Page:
But I am also partial to the argument that some folks aren't going to get in this fight without painting a very different picture of the future, not just a better one. Not just a world where the baseline is finally clean air, clean water, and clean energy, but one with an abundance of these like we've never seen, where much of nature is conserved and rewilded, to power vastly more carbon capture (if it actually works at scale, TBD), heavy industry to build more sustainable cities, and desalination for drinking water.

It's a nuanced landscape, clearly. A future of abundance doesn't mean everybody just gets a jacked-up but electric F-450 with a battery that could otherwise power a small town and which required minerals mined with very small hands in a country still locked in energy poverty and where ebola is a weekly thing.

That is not a better or different future.

We know and have access to most of what we need to do.

I have pointed out previously that the IRA and CHIPS bills should be seen as a one-two punch for this better, cleaner future. IRA unlocks, through massive funding incentives, the technologies we have right meow to produce and deploy an unholy volume of what's already available, while CHIPS funds new research and "lab to line" projects that could make the 2030's and beyond unimaginably cool.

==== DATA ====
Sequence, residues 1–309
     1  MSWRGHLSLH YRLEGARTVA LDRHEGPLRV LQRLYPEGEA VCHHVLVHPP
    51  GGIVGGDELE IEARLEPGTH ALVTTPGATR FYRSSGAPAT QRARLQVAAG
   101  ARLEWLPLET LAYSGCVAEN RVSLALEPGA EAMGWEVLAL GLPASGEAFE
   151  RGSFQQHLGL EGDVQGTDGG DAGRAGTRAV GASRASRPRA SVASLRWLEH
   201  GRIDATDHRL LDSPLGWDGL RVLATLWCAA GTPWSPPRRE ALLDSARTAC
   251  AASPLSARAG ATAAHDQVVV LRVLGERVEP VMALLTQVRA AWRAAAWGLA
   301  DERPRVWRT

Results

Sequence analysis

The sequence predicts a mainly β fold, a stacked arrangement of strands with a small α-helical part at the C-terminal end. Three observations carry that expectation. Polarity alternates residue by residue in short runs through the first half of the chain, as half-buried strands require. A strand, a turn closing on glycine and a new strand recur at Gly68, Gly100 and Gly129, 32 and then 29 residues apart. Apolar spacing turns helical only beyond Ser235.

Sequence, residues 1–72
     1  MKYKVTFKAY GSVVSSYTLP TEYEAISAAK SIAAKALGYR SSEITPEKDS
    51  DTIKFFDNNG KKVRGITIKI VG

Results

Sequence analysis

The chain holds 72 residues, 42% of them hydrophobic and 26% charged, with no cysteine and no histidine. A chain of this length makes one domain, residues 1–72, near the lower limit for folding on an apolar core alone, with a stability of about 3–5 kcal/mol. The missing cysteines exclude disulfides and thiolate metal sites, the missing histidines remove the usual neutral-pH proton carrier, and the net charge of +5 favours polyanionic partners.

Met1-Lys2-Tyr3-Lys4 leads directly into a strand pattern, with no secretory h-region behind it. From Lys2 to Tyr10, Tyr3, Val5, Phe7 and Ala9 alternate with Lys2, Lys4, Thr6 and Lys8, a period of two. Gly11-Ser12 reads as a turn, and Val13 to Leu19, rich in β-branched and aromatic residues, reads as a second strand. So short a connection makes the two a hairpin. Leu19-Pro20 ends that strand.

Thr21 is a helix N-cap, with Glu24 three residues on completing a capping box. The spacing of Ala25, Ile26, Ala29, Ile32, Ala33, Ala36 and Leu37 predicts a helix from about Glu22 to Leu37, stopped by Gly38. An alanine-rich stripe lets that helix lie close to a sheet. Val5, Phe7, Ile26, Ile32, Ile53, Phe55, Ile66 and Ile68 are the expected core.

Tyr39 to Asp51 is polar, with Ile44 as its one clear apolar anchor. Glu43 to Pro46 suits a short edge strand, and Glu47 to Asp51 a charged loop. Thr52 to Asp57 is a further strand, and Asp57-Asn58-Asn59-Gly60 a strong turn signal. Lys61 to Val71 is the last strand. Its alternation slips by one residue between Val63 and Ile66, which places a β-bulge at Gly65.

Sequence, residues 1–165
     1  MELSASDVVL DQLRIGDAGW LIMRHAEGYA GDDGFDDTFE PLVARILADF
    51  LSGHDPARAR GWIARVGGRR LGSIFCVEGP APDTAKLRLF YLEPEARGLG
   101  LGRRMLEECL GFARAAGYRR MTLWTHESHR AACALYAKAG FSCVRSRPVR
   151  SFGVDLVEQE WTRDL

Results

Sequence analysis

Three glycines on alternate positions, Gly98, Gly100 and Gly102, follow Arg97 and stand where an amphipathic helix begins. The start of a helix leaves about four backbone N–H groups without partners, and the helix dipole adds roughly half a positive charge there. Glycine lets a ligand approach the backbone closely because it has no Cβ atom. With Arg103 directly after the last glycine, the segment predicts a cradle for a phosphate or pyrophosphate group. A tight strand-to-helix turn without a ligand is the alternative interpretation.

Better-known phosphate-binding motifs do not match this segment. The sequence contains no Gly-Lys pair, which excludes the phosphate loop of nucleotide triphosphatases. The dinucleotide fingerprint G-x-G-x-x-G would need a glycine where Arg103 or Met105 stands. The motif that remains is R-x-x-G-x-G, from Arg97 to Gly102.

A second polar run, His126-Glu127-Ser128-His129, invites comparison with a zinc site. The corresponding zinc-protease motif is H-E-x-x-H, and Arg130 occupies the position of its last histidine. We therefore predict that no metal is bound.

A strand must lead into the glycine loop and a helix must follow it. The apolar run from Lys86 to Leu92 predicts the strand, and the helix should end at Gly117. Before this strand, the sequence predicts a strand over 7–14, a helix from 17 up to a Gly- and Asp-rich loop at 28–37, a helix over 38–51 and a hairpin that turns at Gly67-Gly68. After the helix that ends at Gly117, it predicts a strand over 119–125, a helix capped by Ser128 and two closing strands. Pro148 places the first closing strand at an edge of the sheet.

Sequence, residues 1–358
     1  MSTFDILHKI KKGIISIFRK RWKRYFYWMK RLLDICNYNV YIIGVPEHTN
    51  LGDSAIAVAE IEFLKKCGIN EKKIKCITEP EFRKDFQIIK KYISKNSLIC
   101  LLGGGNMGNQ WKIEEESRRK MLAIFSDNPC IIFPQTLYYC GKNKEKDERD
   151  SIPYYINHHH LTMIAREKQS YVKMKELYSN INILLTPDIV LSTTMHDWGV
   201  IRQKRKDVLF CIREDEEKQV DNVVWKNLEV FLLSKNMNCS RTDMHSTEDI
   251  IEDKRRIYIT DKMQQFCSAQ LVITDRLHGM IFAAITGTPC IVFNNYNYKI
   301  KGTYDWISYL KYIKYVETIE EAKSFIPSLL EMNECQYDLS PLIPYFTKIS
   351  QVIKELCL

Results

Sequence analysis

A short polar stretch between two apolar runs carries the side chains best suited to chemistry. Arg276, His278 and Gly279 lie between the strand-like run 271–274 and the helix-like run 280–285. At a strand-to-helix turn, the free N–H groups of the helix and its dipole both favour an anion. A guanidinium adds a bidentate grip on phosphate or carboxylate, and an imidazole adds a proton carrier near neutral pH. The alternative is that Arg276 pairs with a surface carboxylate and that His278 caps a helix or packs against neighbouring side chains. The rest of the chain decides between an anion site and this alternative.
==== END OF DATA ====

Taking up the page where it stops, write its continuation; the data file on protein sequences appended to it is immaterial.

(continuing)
Likewise, mRNA vaccines and CRISPR could protect billions from infection and illnesses that hold back families and continents alike.

Of course, our hyper-focus on shiny new things like technology and unaffordable medicine over people and basic public health is part of the reason we're in a bit of a pickle.

Measurable outcomes give us something to aim for.

"TV's cannot listen to you" is a pretty clear standard. "No forever chemicals, full stop" isn't complicated to understand. Execution is another thing, but that's the point here.

It's one thing to say "we will defeat this virus" and another to say "we will vaccinate 90% of the population and provide 50% of the required shots to achieve global vaccine equity" and then do the actual hard work to reverse-engineer those clear goals to build the teams, processes, budgets, and short-term milestones required to actually get there. 

Similarly, ESG is a mess in part because we haven't come close to agreeing on how we measure, certify, and standardize emissions, much less terms like "net-zero" or "removal" or by outlawing offsets because they're just not real.

Building these standards is massively important to goal setting and then holding everyone responsible for getting their shit done, tick tock.

Markets and people aren’t rational.

And this transition, which is well underway, very messy, and needs to go much faster, isn't going to make thing less messy. Incentives are everything, which illustrates why, despite saving the world, the biotech sector didn't finally explode (in a good way) after the COVID vaccines hit. Where's the payoff? And what are the incentives for ESG, without standards, and universal carrots and sticks?